The 2015-16 NBA Season starts soon, preseason hoops are in full swing, and playoff prognostications have begun in earnest. Because season previews can get bogged down by team-specific minutiae, and we cover every basketball team, we’re providing our readers reasons why you should care about all 30 teams in the Association.
Danny Ainge, Brad Stevens and the Celtics are currently treading water. Sure, they’re in a shallower pool than someone like the Hornets, but everyone’s in the East, which is the kiddie pool in this overlong analogy. They’ve got a good enough group and a smart enough coach to make the playoffs in the awful East, but they’re one or two stars away from getting taken seriously.
That’s not such a bad thing, either. Sure, Kevin Durant is a free agent next summer and LeBron could be, but, realistically speaking, Danny Ainge isn’t going to land one of the top-two players in the NBA. But could he swing a trade for, let’s say, DeMarcus Cousins at the deadline and offload his stockpile of picks to add a star to the mix?
The Kings are such a soap opera, there’s no telling what Vivek and Vlade might do. And while five or six teams might capture the Western Conference in any given year, the addition of a player like Cousins to a team like these Celtics — if it were a straight-up picks-for-Boggie flip, with maybe David Lee’s deal thrown in to make the contracts work — would put them on the same level of the Wizards, Heat, or Bulls; a contender, but not the favorite, not with LeBron in another superstar á trois .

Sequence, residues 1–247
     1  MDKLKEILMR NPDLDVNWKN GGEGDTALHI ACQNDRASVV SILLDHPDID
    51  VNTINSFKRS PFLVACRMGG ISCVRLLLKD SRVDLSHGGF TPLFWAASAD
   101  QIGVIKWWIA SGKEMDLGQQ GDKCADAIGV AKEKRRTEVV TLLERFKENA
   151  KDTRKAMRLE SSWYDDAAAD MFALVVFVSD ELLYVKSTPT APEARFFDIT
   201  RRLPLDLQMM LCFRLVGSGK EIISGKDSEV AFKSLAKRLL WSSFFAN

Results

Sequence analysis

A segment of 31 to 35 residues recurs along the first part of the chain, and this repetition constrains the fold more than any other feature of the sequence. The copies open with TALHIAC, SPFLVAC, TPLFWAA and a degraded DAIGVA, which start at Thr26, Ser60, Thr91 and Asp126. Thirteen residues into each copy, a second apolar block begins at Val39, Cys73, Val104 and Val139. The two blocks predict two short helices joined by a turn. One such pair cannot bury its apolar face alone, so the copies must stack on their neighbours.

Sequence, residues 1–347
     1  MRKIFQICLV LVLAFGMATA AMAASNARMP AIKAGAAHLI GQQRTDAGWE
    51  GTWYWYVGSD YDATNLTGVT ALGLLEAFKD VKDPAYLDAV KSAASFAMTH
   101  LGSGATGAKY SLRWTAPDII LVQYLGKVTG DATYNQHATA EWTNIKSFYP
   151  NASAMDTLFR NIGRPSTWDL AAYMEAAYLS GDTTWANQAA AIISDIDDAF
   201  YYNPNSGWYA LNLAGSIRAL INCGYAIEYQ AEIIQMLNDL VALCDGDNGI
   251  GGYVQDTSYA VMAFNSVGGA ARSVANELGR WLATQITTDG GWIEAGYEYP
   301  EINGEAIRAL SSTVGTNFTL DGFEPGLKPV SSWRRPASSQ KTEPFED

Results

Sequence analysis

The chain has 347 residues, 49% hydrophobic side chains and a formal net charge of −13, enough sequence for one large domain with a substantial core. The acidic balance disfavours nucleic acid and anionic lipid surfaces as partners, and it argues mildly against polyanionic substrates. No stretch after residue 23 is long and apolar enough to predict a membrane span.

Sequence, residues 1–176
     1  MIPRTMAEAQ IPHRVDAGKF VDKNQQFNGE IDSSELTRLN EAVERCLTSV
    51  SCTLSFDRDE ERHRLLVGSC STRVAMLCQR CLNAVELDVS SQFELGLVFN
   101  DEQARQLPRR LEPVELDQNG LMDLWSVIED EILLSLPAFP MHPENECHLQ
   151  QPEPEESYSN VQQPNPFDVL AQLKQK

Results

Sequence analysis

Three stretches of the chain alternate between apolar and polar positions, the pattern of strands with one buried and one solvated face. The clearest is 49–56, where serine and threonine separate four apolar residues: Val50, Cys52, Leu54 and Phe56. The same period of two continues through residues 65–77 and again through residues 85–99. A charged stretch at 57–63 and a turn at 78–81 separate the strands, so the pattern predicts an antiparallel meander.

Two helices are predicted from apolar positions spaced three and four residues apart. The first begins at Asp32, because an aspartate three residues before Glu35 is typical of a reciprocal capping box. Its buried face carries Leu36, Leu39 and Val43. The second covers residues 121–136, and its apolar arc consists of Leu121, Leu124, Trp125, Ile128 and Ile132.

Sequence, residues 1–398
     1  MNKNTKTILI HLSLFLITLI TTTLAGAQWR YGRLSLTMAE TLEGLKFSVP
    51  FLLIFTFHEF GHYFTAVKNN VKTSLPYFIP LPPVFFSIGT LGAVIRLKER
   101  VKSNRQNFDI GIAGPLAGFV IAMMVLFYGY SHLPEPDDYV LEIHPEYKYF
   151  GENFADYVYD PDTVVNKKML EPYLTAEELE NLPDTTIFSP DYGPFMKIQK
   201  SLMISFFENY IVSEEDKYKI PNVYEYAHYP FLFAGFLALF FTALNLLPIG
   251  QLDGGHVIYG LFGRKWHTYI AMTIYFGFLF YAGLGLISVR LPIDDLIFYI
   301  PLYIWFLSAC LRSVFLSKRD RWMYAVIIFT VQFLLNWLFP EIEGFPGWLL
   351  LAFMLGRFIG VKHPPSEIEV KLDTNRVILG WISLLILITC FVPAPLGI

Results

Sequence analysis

And that’s where Ainge and Co. currently sit. After wiping clean the rest of the Paul Pierce, Kevin Garnett team from a few years ago, especially that last big piece, Rajon Rondo, they’re poised to make a splash. Except there’s no way to know who, or even if, that trade will happen this year or next. Or whether they’ll get lucky over the summer and land a star that way.
Just know that Danny Ainge isn’t afraid to pull the trigger, so if you hear about Carmelo Anthony joining this Celtics team in the new year, don’t say we didn’t warn you.
The perfect destination for a superstar looking for the right role players
There are only so many superstars in basketball. Danny Ainge understands that reality, but it certainly hasn’t him stopped him from chasing them. Over the past couple years, the Boston Celtics have come dangerously close to tampering by recruiting Kevin Love, called the Sacramento Kings about the possibility of trading for DeMarcus Cousins, and offered four first-round picks to the Charlotte Hornets for the opportunity to end Justise Winslow’s draft-night slide.
Based on Ainge’s relentless pursuit of a superstar alone, it would be easy to assume his team was at a crossroads. That the Celtics, coming off a 40-42 season, were a team littered with middling veterans bound for years of mediocrity. Boston is in a unique position among franchises positioned for respectability that don’t boast a potentially transcendent player, though, and it’s one far more enviable than the most common alternative.
Why? The Celtics may not have an Andrew Wiggins or even Giannis Antetokounmpo, but still possess a group of youngsters uniquely suited to complementing an alpha dog.
Marcus Smart will eventually be an All-Defense candidate, and he flashed shooting prowess from beyond the arc last season that some thought may never come. Avery Bradley is an older, more consistent, less potentially dynamic player than his backcourt partner. Jae Crowder can capably check multiple positions, and is a reliable three-point jumper away from proving his new contract a steal. Tyler Zeller is an elite mid-range shooter and viable finisher in the frontcourt. And Kelly Olynyk and Jared Sullinger, for all of their obvious issues, are undeniably talented offensive players.